The contract between appellant and the insured recites that this policy had been assigned to appellant as security. The policy, however, was not delivered to appellant. Appellee did not sign the contract and did not know of its existence and prior to the signing of the contract by the insured he had orally assigned it to appellee, accompanied by actual manual delivery, and she retained the policy, claiming the ownership thereof. Appellee was named as the beneficiary in the policy and it was in her possession. The burden of proof was therefore upon appellant to support his claim of an equitable assignment by substantial evidence. The court found against appellant's claim and its finding is presumptively correct and may not be set aside by this court unless clearly erroneous. Rule 52(a), Federal Rules of Civil Procedure, 28 U.S.C.A. The court further found that prior to the date of the contract between insured and the appellant this policy had been given to appellee as a gift, and it appears from the undisputed evidence that she continued to retain possession of the policy, claiming ownership thereof.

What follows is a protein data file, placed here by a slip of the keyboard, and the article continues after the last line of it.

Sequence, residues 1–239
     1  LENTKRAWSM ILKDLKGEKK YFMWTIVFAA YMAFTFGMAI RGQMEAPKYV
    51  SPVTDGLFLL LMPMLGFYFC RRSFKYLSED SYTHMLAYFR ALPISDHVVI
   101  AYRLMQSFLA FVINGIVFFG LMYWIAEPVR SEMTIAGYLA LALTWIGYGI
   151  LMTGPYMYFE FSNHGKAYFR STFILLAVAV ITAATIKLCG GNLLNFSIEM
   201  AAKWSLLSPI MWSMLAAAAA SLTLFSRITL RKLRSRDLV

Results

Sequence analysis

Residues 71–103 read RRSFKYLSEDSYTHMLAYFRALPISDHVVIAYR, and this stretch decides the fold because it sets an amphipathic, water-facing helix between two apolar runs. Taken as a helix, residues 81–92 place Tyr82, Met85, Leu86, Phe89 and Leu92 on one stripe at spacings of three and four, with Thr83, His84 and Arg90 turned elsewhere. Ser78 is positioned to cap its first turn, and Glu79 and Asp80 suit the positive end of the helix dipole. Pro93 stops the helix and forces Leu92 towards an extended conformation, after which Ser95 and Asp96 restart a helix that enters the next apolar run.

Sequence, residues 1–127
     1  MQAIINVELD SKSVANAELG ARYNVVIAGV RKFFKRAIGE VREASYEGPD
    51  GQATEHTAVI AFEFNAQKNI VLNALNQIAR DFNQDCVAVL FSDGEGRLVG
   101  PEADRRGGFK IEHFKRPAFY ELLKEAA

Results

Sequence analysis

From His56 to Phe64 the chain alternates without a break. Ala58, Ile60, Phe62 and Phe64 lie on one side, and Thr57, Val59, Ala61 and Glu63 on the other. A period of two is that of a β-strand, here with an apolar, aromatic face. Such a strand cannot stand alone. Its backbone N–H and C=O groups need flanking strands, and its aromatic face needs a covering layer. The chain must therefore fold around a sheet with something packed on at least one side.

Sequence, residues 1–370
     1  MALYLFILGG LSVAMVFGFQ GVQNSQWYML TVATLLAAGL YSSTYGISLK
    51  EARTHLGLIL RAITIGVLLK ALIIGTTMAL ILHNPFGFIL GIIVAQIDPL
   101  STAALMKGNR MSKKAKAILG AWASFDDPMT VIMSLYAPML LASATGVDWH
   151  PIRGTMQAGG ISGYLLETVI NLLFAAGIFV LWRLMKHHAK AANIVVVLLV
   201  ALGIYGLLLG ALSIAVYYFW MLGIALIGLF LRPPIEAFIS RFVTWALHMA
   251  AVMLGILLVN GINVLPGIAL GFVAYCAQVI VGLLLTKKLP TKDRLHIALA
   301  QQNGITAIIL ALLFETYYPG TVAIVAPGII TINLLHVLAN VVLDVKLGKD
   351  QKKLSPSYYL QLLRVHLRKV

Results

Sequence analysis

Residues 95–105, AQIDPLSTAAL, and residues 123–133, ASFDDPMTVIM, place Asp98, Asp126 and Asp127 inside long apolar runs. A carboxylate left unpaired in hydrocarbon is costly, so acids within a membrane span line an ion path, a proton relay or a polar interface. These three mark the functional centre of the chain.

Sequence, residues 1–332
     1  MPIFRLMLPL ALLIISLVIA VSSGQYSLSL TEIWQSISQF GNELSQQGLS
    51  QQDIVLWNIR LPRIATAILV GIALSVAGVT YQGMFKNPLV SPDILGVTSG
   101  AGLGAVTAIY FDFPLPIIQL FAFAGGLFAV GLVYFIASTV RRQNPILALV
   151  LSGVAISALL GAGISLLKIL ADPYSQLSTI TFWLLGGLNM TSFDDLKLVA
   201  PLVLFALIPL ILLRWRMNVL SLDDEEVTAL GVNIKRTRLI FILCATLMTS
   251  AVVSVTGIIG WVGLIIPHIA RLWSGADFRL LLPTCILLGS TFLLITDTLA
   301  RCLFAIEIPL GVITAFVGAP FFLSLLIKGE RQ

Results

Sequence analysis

It is urged that because of the above quoted provisions of the policy the insured had the legal right to change the name of the beneficiary without the consent of the appellee and hence he had the right to assign the same without her consent. First, it should be observed that provisions in an insurance policy requiring an assignment to be in writing or a change of the name of the beneficiary to be in writing, are for the benefit of the Insurance Company and it alone can take advantage of the want of a writing. Such provisions do not affect the validity of an assignment as between the insured and the assignee. Herman v. Connecticut Mutual Life Ins. Co., 218 Mass. 181, 105 N.E. 450. If the oral assignment of this policy to the appellee on the 26th day of December, 1947, was a valid assignment or gift under the laws of Arkansas, then confessedly, there could have been no equitable assignment of it at a later date by the insured without the consent of the appellee. The Supreme Court of Arkansas has held that there may be an oral assignment or gift of an insurance policy if accompanied by manual possession of the policy. Matlock v. Bledsoe, 77 Ark. 60, 90 S.W. 848; Webster v. Telle, 176 Ark. 1149, 6 S.W.2d 28; Gordon v. Clark, 149 Ark. 173, 232 S.W. 19.